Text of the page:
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Category:    Home > Reviews > Comedy > Superheroes > The Specials (Anchor Bay)

The Specials (Anchor Bay)


Picture: B-     Sound: B-     Extras: C+     Film: C+



The Superhero genre is back and stronger than ever, but with it inevitably comes the return of its corollary, the funny superhero response.  Originally coming out of a combination of the Pop Art movement of the 1960s, the TV series version of Batman that followed, and the realities of Vietnam, it is now common without that combination of events.  The Specials (1999) is a burnout, slacker, mockery of the group heroes subgenre, especially X-Men.  Unfortunately, it is the same old series of jokes in superhero clothing.


Rob Lowe, Jamie Kennedy, Thomas Hayden Church, Kelly Coffield and Melissa Joan Hart are among a cast that could have been in a funny film sending up superheroes.  Not that Batman & Robin, The Hulk and Constantine were not humorously implosive for all the wrong reasons (should Hulk really look like Shrek?), it is just that the film simply has nothing worth spoofing.  Mystery Men came out the same year with a more known cast, yet was actually more idiotic and pointless, though it was better promoted.  The result is that it was a much bigger bomb; both films feeling inspired more by Howard The Duck and its successful “cousins” The Teenage Mutant Ninja Turtles.  All come from a school of thought that superheroes are dead, but with Marvel Comic films hitting big and DC Comics about to join them, these films (even the Turtles in some odd way, though they too are experiencing a surprise revival riding this new wave) are as old, tired and dead as they are wrong.  As wrong as uninspired writer James Gunn and director Craig Mazin are and continue to be.  Unless you hate this kind of storytelling, The Specials is not worth your time.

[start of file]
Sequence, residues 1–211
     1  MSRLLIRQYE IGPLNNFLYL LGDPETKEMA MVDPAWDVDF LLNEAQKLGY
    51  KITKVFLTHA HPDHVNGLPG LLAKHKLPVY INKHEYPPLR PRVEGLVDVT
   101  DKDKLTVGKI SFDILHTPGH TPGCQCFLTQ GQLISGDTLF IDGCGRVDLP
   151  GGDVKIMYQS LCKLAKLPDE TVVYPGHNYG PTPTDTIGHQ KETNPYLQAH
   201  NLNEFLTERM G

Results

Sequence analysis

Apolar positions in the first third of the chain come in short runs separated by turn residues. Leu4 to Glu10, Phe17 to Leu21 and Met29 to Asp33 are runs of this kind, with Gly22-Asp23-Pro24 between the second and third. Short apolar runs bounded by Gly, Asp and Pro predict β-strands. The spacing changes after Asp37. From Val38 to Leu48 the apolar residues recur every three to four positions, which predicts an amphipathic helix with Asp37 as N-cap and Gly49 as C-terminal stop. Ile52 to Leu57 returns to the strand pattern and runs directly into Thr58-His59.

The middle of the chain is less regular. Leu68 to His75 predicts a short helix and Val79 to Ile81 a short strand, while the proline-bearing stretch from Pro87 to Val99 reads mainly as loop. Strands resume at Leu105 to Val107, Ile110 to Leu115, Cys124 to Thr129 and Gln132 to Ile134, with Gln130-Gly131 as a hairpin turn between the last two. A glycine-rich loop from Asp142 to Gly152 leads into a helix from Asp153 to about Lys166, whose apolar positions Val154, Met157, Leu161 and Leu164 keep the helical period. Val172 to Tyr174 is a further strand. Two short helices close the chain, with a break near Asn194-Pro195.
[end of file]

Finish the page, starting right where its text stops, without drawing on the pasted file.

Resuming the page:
The anamorphically enhanced 1.77 X 1 image is nothing “special” and misses an opportunity to have fun with the look of various films to that time.  Elliot Rockett was the cinematographer, choosing to match the script with unmemorable images.  Too bad.  The Dolby Digital 5.1 mix offers flat music score by Brian Langsbard and is limited in its surrounds.  The combination is adequate at best.  Extras include two commentaries that add little to the film, deleted scenes that would not make a difference, stills, “wedding video”, trailer and a mock toy commercial.  Even that was a mess and nothing we had not seen before, and all remind the viewer of even more missed opportunities.  If only the comedy was funny.



-   Nicholas Sheffo


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